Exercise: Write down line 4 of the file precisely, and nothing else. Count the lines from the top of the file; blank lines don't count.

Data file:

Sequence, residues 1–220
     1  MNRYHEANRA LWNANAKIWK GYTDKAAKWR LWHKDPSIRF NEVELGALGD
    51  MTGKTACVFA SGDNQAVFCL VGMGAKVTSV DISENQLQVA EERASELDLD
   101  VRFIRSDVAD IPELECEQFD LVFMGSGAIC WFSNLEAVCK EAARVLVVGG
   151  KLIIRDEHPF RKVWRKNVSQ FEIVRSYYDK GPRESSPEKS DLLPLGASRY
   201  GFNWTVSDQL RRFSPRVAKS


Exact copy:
   101  VRFIRSDVAD IPELECEQFD LVFMGSGAIC WFSNLEAVCK EAARVLVVGG